Honey Laundering: How To Avoid Buying Contaminated Honey

Honey Laundering: How To Avoid Buying Contaminated Honey

Stephanie Barlow
Aug 17, 2011

Do you know where your honey comes from? Food Safety News reports that as much as a third of honey (and likely more) sold in the United States has been imported from China. So what? Much of this imported honey has been banned in Europe and likely contains potentially harmful additives. How can you avoid it?

One sure way to avoid imported honey is by buying it locally. Buy from farmers' markets and other suppliers that can guarantee its source. Although the FDA has signed off on the imported honey, the fact that it's been banned throughout Europe isn't a good sign. Honey from China and India has been found to contain several Indian-made animal antibiotics, including one the FDA has banned in food. Honey from India and China has also been found to contain lead.

So why isn't it banned in this country? The short answer is that it's a difficult thing to control. The United States imported 208 million pounds of honey over the past 18 months and while many efforts have been made to stop contaminated honey, almost 60 percent of imported honey came from traditional laundering points for Chinese honey. The EU believes honey from Asia to be contaminated and many feel the U.S. should follow suit.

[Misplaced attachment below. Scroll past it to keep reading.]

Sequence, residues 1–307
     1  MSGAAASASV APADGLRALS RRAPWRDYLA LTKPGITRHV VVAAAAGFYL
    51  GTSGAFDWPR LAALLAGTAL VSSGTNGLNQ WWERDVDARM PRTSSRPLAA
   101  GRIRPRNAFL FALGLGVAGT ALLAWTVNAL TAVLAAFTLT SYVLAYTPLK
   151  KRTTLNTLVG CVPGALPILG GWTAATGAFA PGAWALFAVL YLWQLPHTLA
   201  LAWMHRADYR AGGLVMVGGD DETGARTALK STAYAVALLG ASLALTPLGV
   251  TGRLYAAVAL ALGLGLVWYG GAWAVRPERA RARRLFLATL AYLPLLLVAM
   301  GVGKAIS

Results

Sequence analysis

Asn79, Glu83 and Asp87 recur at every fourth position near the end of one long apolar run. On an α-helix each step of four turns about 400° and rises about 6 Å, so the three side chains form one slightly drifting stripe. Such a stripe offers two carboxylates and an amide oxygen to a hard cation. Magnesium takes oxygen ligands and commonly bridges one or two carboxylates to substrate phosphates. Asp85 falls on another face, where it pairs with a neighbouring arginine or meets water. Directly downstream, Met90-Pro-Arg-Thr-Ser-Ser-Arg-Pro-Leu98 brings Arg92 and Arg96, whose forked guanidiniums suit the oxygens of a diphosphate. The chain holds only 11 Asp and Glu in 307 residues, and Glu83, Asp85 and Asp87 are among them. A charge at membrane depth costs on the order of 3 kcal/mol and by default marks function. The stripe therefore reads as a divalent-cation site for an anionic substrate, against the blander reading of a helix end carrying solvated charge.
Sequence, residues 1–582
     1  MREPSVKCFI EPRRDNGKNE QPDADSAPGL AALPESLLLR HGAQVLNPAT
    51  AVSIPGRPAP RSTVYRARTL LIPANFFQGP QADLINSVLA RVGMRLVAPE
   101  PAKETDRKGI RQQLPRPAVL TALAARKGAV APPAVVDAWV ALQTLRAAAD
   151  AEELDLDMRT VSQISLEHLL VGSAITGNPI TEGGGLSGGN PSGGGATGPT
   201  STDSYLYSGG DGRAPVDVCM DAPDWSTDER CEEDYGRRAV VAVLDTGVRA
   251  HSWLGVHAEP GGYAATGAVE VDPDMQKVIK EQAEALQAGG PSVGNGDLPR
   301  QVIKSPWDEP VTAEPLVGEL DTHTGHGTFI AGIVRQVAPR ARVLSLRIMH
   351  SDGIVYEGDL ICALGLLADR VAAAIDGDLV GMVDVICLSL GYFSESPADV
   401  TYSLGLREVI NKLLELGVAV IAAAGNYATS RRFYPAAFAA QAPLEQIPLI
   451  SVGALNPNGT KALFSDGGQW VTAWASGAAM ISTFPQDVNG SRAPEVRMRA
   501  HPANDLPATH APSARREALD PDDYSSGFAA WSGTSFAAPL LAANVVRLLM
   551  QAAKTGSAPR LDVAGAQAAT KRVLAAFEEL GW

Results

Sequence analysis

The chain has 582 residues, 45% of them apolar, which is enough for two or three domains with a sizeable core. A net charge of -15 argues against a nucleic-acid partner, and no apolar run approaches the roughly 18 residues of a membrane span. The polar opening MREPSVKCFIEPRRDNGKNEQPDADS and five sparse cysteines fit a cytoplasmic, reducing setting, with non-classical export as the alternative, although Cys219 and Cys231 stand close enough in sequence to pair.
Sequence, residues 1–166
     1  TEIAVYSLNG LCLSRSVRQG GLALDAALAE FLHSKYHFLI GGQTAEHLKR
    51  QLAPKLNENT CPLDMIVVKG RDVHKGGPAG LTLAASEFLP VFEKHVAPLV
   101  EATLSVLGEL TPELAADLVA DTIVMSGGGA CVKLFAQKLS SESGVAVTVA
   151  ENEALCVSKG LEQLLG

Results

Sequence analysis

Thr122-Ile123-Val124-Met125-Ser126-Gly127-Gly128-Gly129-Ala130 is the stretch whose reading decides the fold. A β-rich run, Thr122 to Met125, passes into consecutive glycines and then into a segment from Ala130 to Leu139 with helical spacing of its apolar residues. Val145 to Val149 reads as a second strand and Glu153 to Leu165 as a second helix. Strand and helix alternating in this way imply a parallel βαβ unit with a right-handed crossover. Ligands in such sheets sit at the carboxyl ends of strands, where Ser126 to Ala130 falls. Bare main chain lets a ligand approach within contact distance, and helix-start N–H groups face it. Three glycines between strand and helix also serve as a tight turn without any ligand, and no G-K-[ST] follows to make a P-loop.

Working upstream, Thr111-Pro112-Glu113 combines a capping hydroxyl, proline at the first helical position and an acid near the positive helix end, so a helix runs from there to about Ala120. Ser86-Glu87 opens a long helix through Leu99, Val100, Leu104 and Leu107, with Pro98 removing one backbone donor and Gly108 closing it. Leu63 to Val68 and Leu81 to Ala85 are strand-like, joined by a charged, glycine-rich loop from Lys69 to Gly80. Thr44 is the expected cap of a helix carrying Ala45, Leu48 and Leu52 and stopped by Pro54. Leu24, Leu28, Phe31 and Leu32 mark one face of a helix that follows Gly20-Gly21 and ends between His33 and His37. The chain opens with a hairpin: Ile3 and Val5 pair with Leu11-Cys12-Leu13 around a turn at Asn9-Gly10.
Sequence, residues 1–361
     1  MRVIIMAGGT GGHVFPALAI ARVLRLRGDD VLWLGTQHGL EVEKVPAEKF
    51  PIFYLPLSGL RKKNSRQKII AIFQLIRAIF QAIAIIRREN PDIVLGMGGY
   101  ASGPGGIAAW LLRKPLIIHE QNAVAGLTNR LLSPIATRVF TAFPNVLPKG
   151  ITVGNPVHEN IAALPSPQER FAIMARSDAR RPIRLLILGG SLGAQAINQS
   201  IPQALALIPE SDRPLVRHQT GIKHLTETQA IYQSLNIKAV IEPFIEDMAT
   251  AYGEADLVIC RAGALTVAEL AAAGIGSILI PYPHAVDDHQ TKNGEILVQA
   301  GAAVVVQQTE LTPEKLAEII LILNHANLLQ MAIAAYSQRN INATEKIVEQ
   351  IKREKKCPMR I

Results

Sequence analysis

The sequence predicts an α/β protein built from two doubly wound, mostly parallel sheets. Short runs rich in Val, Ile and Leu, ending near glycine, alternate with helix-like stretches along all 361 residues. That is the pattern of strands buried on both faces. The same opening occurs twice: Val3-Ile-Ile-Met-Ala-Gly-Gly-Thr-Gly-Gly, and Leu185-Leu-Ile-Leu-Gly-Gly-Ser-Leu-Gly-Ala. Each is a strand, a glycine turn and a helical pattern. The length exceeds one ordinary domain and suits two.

Did you know about honey laundering?

Read more: Asian Honey, Banned in Europe, Is Flooding U.S. Grocery Shelves via Food Safety News

Related: Web Resource: Honey Locator

(Images: Flickr user botheredbybees licensed for use under Creative Commons)

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